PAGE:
Chemicals are fed to animals on a daily basis on factory farms. One of TDM Farms Incorporated’s hog farms in Indiana feeds their pigs food containing antibiotics, which helps them “stay healthy in their crowded, manure-gilded home… [antibiotics] also help farm animals grow faster on less food.” One of the problems with antibiotic use is that the animals become drug-resistant. These animals become “disease factories,” spreading disease and bacteria such as the MRSA Superbug, which is a type of staph infection. According to Scientific American, “by 2007 one fifth of the Netherlands’ human MRSA infections were identical to bacteria that had come from Dutch livestock”, and here in the U.S., MRSA has made itself present, especially on two Iowa farms where 70% of the pigs tested positive, and 64% of the workers had MRSA growing in their nostrils. By eating factory-farmed meat, one can easily catch other diseases such as swine flu and salmonella by eating factory-farmed meat. Unnatural feed causes higher fat content in the meat, and hormones given to dairy cows will transfer to you through dairy and meat consumption. Factory farms are poisoning their consumers by using chemicals in their products and allowing disease to grow in their facilities. 

Farming has an enormous impact on the environment. According to farmsanctuary.org, animal agriculture is responsible for 14.5% of our greenhouse gas emissions and “contributes to land degradation, species loss, and water pollution and waste.” Factory farms spread manure into open-air pools as large as several football fields. In 2011, a farm in Illinois leaked 200,000 gallons of manure into a nearby creek, killing over 100,000 animals living nearby. About 1,581 gallons of water are needed per cow- you could take 100 showers with that much water! Not only are factory farms torturing billions of animals, but they are polluting the environment and using up massive amounts of natural resources.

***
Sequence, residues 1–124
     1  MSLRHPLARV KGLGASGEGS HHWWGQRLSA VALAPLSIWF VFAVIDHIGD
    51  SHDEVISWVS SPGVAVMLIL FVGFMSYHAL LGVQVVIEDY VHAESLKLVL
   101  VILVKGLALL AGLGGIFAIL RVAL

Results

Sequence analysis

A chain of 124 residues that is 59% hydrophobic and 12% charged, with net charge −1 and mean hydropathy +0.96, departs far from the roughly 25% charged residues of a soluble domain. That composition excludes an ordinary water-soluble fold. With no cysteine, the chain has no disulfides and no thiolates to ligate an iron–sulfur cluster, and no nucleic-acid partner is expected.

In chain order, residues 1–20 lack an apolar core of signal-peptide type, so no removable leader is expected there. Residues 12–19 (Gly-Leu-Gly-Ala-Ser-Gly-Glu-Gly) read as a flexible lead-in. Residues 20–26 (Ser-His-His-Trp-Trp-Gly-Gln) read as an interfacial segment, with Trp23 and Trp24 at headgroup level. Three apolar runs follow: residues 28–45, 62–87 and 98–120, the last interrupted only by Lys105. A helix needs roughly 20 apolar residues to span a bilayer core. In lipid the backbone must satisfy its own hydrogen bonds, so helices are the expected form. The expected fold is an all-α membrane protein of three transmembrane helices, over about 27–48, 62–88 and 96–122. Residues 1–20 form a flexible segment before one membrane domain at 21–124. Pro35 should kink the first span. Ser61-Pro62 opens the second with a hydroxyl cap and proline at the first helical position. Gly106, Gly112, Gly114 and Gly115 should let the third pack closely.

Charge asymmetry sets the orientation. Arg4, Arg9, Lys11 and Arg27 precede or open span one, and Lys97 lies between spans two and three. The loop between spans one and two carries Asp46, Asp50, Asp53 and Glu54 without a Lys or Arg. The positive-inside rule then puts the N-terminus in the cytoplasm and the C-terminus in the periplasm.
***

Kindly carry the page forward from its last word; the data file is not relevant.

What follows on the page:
The Institute on the Environment at the University of Minnesota found that, “If crops grown in the United States were directed towards foods for humans, instead of for livestock, they could feed three times more people than today.” Land must also be taken up to grow the tons of food to feed these billions of animals. 80% of American agricultural land is used to raise and feed livestock. American activist Xiuhtezcatl Martinez once said, “We eat three meals a day and every single one of those is an opportunity to make a choice for or against our future.” Choosing free-range, grass-fed, local meat dairy and eggs is the choice for our future. Factory farms are destroying the Earth. 

The problem is: if factory farms are banned, how will small farms supply the enormous amounts of animal products alone? Grass-fed, free-range products will take up more space than factory farms. Treating animals humanely will be costly and time-consuming. There’s one simple solution: eat less animal products. No, the whole world doesn’t need to go vegan but simply eat less meat, dairy and eggs. We caused the need for factory farms by consuming such a large amount of animal products, and now we must shut them down for the sake of the animals and our future. Having at least one meatless meal a day is such a simple way to show compassion. 

Factory farms need to be banned. They’re an inhumane, avaricious industry that is destroying the environment and harming their consumers. A cheap hamburger is not worth the suffering a cow must go through for its entire short life. It is time we defend those without a voice and end the suffering of animals living on factory farms.